If you purchased an annuity with a Roth IRA or Roth 401(k) (i.e., with after-tax money), those annuity payments would likely be tax-free since you have already paid taxes on the contributions. Annuity requirements can get complicated, so consult a professional financial planner for assistance.

Solo 401(k)

tong2530/Adobe asian man working on computer touch pad

If you’re self-employed, you probably don’t have access to a traditional retirement account like a 401(k) or 403(b). However, you might be eligible for a one-participant, or a solo 401(k). This account mimics the traditional 401(k) and is designed for a business owner with no employees.

Solo 401(k)s also let you choose the type of funds you save. You can pick a traditional 401(k), funded with pretax dollars, and pay taxes on that money in retirement. Alternately, you could choose a Roth 401(k), which doesn’t offer the initial tax break but offers tax-free distributions in retirement. Because of the tax perks, this type of account has quite a few rules, so consult with a tax professional to make sure you’ve covered all of your bases.

In 2022, solo 401(k) owners can contribute up to $61,000 (with a catch-up contribution of an additional $6,500 if you’re 50 or older) if you meet specific requirements.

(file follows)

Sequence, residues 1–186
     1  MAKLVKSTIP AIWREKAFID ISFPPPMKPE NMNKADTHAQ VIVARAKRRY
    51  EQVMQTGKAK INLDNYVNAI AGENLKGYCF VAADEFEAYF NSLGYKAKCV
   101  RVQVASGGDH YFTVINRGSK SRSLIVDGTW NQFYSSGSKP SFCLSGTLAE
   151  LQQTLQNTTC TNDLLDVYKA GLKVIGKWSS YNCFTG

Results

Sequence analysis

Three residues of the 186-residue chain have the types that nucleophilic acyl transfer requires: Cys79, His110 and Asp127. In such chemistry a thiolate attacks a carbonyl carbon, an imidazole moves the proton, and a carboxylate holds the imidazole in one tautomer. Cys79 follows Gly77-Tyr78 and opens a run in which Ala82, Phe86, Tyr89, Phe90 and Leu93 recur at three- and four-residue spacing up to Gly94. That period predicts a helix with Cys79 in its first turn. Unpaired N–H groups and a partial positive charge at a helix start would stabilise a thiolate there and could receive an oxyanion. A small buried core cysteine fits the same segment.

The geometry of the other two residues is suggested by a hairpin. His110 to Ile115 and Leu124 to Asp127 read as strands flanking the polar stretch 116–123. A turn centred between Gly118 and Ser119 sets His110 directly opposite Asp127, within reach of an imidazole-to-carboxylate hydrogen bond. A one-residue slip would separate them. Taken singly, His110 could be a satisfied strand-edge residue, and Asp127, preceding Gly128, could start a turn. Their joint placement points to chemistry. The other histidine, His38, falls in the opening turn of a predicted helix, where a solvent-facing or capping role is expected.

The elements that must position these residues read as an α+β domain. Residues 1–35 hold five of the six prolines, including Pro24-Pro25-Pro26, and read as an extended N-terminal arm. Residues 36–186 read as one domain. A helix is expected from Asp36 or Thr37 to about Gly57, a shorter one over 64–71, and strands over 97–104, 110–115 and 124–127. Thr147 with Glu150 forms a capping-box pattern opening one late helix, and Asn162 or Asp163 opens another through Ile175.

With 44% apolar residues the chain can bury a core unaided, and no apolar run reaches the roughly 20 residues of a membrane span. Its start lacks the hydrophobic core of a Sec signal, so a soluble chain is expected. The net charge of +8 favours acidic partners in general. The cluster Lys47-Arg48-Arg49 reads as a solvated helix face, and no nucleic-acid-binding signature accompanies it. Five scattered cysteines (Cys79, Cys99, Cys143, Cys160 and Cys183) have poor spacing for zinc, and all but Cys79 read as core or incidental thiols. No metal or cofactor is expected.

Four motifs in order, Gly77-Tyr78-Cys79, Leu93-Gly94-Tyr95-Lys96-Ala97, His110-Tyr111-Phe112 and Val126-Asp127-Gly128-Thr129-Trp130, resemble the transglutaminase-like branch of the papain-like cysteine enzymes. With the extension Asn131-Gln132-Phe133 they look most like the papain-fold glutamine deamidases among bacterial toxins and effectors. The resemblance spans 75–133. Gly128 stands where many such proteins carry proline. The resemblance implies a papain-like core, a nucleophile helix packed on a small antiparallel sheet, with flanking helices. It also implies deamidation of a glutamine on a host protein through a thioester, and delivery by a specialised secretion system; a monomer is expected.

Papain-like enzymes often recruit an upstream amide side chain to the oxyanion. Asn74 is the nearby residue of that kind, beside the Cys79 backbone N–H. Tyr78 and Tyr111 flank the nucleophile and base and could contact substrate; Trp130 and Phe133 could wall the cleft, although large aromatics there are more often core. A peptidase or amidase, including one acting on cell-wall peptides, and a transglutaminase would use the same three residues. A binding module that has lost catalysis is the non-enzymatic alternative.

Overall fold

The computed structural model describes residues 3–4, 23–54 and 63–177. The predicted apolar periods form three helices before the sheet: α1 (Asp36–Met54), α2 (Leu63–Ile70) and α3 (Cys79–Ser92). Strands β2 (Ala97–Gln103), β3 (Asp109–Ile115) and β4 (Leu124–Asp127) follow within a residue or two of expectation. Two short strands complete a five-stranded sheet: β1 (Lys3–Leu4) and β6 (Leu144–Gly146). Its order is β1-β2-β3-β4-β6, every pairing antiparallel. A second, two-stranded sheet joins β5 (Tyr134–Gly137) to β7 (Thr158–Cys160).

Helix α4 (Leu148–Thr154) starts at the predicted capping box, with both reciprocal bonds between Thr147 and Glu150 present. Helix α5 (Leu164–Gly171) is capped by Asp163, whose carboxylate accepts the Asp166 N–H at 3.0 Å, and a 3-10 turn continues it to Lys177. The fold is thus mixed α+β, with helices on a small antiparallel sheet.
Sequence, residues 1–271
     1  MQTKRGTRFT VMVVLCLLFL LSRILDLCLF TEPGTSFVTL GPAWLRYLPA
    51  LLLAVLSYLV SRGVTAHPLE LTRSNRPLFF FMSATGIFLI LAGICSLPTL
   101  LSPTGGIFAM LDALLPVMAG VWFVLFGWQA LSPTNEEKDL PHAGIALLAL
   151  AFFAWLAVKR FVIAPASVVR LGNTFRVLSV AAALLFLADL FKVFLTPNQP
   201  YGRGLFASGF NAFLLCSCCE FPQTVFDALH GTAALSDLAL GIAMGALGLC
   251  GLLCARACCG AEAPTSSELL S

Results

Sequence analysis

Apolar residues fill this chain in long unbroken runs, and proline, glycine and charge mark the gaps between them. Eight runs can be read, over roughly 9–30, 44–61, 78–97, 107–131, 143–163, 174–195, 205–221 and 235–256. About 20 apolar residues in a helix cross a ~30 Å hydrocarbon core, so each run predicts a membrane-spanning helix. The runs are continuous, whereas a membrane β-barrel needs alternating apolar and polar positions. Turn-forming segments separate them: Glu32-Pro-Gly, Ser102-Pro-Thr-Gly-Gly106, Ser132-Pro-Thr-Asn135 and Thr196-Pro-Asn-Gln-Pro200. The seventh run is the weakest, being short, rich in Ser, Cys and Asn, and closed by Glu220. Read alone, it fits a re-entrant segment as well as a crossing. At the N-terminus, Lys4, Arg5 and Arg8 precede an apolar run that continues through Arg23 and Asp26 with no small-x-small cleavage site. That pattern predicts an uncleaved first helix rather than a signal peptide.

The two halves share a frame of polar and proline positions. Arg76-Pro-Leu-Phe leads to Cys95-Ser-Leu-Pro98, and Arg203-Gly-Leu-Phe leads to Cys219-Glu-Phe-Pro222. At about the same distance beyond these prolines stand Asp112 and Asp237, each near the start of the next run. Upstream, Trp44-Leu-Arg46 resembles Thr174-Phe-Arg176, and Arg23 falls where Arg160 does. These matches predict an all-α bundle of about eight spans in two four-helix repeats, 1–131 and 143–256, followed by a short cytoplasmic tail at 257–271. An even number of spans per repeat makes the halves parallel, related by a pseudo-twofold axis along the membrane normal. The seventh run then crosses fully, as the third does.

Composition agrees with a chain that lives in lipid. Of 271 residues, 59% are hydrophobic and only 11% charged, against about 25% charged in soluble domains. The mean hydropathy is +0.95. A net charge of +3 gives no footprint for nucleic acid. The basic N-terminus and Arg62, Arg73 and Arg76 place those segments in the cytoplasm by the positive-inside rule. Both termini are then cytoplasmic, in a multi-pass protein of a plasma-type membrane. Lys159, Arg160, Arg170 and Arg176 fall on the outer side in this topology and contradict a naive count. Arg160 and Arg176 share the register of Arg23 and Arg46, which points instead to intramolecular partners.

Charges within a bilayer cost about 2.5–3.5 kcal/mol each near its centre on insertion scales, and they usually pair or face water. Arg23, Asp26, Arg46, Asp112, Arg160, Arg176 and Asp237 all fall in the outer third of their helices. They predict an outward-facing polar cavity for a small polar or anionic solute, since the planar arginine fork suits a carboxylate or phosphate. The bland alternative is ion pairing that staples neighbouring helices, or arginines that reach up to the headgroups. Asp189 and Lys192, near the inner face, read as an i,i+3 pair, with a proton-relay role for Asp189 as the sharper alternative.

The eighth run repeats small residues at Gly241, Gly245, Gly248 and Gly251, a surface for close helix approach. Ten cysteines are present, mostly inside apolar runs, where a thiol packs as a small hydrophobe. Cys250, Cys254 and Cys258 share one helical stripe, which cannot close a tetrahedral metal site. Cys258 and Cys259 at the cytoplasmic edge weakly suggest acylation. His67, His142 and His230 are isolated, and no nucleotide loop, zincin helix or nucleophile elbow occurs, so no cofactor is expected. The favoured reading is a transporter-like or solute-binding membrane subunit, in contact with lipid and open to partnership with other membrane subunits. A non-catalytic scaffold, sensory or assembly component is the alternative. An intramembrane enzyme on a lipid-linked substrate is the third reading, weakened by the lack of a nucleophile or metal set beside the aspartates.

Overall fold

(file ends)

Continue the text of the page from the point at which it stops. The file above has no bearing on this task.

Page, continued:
Bottom line business communication concept

There are many different types of retirement accounts that offer tax advantages to help you grow your wealth. Having both tax-deferred and tax-free accounts can help ensure you can effectively use your retirement funds. Be sure to research the types of accounts you may already have and talk to a tax professional or financial advisor to help find any holes in your retirement planning.


Public Benefits

  • Get $3-$300 in free stock when your account is approved*
  • Invest in 1000s of stocks and ETFs with fractional shares—no account minimums
  • Follow friends in a social feed and learn from a diverse community of investors
  • * Free stock offer valid for U.S. residents 18+. Subject to account approval.
Visit Public

Author Details

Kate Daugherty

Kate Daugherty is a professional writer with a passion for providing others the head start they deserve on their financial journeys. Largely self-taught, Kate relied on books, blogs, and trial-and-error to learn how to budget and save for the future, all while working to pay back about $15,000 in student loans.